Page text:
Amid all the noise of an ever-changing digital landscape, how can you make your customers pay more attention to your brand? Of course, there is no right answer to this, but one trend that we have seen emerge is the rise of brand avatars.
These new virtual characters and avatars are designed to create a more immersive and human customer experience as well as form a meaningful relationship between brand and user. In other words, the goal is to create an authentic experience that transforms ads into narratives and brands into people.
To make this clearer, let’s jump right in with an example: A controversial but famous example of a brand avatar was featured in a campaign in 2019 by Calvin Klein. The ad shows Bella Hadid alongside the ‘virtual influencer’ Lil Miquela. In the ad, the two women kiss to raise awareness to LGBTQ rights, but received a lot of backlash for the concept. Like Bella Hadid, Lil Miquela is no stranger to the public. The ‘influencer’ avatar that was created by the L.A. start-up now has over 2.4 million followers on Instagram.
So even though the ad has implemented a new, virtual element for the younger, tech-savvy generation, it lacked good insight. But when used right, brand avatars can benefit your brand in many ways:
Alternative to a logo
Logos can easily become outdated and cannot always express all the values and beliefs a company wants to convey. Brand avatars on the other hand can adapt the way they look and speak and move between contexts. Only by changing their facial expression, they already convey different emotions.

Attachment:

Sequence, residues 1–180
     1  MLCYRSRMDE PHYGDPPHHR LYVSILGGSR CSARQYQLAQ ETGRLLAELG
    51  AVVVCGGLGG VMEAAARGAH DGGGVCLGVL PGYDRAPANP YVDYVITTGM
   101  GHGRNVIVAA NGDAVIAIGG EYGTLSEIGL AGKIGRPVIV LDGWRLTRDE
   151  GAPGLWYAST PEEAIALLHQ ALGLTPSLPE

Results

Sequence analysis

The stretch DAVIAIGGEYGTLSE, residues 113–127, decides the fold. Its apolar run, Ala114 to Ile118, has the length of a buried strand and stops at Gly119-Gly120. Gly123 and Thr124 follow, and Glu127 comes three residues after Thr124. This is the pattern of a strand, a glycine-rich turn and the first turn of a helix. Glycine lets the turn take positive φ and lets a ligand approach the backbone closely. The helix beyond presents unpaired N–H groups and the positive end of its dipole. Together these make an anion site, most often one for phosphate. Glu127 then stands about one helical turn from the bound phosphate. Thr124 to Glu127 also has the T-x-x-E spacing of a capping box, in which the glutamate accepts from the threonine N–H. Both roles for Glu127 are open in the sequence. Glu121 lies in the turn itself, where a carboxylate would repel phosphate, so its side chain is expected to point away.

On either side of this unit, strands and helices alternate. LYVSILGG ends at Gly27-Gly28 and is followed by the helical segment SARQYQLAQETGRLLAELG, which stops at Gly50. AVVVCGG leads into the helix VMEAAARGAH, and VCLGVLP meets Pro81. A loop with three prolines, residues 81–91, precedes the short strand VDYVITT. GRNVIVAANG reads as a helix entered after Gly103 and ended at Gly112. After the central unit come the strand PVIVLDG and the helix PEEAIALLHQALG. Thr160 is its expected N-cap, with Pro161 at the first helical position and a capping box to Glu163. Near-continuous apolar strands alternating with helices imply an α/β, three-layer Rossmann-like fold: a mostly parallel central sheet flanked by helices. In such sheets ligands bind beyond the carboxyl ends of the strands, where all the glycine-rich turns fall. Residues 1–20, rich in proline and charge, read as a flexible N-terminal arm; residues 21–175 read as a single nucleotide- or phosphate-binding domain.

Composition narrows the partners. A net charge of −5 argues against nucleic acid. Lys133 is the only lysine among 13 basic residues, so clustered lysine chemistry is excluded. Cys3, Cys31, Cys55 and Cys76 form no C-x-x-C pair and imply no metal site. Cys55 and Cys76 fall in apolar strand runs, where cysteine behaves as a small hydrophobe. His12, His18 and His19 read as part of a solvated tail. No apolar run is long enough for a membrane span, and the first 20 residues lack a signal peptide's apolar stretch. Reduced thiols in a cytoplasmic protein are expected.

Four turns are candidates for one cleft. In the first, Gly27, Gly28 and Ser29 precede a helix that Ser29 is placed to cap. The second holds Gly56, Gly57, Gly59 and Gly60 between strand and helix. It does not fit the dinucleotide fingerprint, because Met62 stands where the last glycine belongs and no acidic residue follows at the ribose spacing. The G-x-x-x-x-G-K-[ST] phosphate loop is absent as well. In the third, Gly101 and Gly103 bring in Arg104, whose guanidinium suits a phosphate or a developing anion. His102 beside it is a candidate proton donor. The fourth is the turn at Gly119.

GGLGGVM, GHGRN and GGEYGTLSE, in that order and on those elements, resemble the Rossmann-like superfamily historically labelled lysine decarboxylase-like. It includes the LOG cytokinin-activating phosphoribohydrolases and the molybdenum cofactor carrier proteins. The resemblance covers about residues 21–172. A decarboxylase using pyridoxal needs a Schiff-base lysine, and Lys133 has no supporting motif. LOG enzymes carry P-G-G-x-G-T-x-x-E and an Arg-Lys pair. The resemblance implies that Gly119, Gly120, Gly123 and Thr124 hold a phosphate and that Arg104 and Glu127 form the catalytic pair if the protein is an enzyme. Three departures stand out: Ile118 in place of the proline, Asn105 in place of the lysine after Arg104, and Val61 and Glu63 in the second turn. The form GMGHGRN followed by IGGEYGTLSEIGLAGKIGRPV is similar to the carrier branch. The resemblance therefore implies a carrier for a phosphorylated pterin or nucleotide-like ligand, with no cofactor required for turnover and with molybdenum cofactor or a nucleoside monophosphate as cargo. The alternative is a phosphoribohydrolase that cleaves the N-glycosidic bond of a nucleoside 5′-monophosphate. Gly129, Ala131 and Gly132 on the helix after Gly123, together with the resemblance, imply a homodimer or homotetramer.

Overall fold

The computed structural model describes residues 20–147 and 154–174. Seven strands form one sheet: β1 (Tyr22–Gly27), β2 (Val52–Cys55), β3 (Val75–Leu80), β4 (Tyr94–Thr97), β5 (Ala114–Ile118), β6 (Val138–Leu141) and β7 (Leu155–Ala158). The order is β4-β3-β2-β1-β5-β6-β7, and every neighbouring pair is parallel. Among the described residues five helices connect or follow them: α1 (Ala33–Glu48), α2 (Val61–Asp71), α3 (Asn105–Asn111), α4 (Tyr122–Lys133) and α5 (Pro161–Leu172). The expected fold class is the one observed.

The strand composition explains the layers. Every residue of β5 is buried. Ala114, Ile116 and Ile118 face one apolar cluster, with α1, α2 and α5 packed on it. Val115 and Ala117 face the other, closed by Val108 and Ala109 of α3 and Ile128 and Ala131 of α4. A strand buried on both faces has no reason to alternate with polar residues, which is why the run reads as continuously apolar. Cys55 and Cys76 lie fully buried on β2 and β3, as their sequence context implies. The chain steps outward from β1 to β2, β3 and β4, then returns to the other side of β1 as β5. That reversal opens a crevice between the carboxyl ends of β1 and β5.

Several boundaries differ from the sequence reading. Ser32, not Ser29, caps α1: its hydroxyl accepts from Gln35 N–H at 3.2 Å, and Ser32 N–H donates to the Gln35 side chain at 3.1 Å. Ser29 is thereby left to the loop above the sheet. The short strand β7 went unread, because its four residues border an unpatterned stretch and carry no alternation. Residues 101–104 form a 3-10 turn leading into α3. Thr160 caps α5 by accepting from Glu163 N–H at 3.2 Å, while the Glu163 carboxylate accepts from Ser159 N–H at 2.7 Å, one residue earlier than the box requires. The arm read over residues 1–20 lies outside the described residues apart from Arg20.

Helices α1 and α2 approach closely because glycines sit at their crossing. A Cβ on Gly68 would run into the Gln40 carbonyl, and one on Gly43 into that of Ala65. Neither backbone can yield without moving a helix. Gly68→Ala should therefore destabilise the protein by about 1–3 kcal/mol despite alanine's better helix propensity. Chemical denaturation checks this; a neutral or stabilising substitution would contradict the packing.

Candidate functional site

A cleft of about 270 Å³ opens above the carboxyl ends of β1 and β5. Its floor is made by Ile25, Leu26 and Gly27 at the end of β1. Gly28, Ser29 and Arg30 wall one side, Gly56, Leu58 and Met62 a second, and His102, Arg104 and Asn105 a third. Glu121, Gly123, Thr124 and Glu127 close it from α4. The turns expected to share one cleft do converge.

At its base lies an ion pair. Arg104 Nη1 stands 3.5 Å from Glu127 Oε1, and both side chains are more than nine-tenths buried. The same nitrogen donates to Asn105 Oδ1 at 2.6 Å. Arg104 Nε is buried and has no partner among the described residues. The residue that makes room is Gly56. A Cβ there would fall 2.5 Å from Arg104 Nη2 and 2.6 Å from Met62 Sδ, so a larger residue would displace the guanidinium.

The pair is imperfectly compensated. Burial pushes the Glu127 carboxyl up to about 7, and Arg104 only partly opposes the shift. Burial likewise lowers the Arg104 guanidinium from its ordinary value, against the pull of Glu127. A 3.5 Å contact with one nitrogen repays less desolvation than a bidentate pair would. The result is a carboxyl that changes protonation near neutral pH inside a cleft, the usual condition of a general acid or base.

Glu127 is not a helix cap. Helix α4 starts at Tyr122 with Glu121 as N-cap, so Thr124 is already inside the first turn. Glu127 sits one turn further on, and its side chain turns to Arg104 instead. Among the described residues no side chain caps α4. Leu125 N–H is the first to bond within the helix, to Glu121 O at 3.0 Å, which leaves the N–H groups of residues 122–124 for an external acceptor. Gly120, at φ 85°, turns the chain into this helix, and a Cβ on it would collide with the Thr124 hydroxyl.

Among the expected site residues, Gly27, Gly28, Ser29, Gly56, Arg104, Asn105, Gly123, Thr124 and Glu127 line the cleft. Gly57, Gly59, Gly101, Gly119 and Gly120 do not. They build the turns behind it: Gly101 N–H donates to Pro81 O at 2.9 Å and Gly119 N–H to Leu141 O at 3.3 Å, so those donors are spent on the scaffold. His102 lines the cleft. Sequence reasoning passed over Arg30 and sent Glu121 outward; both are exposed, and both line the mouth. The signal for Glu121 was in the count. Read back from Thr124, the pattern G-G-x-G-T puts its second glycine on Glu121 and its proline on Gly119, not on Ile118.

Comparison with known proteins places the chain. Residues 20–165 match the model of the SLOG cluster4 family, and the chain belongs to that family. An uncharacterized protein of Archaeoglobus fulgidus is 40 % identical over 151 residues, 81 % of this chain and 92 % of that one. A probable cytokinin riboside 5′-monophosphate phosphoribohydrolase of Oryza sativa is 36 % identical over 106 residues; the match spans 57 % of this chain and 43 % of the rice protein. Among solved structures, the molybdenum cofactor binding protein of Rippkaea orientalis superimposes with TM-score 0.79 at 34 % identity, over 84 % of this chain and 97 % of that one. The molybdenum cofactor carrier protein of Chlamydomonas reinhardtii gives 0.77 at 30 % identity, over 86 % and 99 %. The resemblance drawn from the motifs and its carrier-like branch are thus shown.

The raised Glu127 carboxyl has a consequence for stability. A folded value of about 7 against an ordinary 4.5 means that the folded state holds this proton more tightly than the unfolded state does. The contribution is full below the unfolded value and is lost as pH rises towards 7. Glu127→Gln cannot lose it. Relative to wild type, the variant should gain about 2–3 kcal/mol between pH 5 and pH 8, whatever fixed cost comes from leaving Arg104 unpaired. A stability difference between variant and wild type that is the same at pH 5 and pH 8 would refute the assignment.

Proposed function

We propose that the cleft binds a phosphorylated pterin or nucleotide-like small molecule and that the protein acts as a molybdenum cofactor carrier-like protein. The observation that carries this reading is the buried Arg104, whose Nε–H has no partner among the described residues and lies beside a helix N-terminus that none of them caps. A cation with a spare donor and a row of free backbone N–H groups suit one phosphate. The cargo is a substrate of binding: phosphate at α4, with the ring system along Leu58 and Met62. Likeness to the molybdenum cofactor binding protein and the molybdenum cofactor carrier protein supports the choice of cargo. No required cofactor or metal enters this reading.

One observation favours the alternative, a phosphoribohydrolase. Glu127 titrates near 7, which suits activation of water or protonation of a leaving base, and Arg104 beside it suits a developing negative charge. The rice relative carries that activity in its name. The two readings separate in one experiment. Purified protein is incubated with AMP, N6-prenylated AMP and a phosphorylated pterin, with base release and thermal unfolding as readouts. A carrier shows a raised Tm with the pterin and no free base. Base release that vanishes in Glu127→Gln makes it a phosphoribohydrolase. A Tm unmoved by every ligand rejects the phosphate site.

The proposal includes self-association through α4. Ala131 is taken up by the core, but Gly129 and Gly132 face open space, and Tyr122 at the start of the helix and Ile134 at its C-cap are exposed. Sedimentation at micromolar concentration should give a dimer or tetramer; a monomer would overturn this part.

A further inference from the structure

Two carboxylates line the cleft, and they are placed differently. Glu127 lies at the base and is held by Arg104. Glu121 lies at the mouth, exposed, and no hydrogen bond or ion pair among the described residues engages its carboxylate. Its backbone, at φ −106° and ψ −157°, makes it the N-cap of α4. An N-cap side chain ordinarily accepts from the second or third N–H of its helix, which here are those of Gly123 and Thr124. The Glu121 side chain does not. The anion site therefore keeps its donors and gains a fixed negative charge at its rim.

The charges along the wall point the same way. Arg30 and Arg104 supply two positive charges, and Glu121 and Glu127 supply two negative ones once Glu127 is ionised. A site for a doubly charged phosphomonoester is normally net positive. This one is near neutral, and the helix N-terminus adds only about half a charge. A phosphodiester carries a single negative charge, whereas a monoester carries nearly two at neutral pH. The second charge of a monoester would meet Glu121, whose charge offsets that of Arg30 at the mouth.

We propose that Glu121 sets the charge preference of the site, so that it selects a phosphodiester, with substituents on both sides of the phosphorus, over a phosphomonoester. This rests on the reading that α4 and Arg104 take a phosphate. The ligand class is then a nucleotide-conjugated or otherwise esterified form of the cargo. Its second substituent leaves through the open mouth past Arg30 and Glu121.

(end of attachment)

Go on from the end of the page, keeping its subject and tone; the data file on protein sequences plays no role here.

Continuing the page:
Who better to tell your business’ story than a brand avatar? They can deliver a narrative in an emotional and interesting way and become the face and voice of your business. We’ve seen this in FAQ video content where brands use avatars to answer customer questions in a ‘real-life’ manner. (find examples below)
Humanising your brand
Marketeers often use well-researched ‘personas’ to develop a clear target audience. In this regard, brand avatars can help you develop your own persona. So, ask yourself questions like: If my company was a person, what would he/she look like? How would he/she dress? How would he/she speak? What personality would he/she have? The more human your avatar is, the better it will resonate with your audience.
There’s already been a handful of brands who have made use of brand avatars: Gucci, for instance, has heavily invested to serve ongoing digital touchpoints to their Generation Z audience. They have teamed up with Genies, an avatar company similar to Bitmoji, and saw this effort to expand to the younger audience pay off with an increase in revenue. On top of that, Gucci has announced plans to develop a “digital closet”, in an effort to personalise the avatars even more and use it as a means to promote their clothing range. With this, they are trying to engage with the young, tech-savvy community and build a long-term relationship with their customers.
Another great example of brands using avatars is the Japanese based Skincare brand SK-II. They have created their own avatar brand ambassador called YUMI. ‘She’ was built using AI and is designed to answer customer questions in multiple languages and share real-world advice on skincare.
Lastly, another famous company that has used brand avatars is Cheetos. With their Halloween campaign ‘Cheetos x Genies’, Cheetos teamed up with Genies and let users dress their personal avatars in Cheetos-inspired clothes.
Avatars have come a long way from The Sims as users choose to express themselves on social media platforms like Snapchat and Instagram in new creative ways. So are brand avatars the new logos, models, emojis and influencers? Nobody knows. But we’ll definitely keep a close eye on them and see how the customer demand shapes the lives of these fictional characters.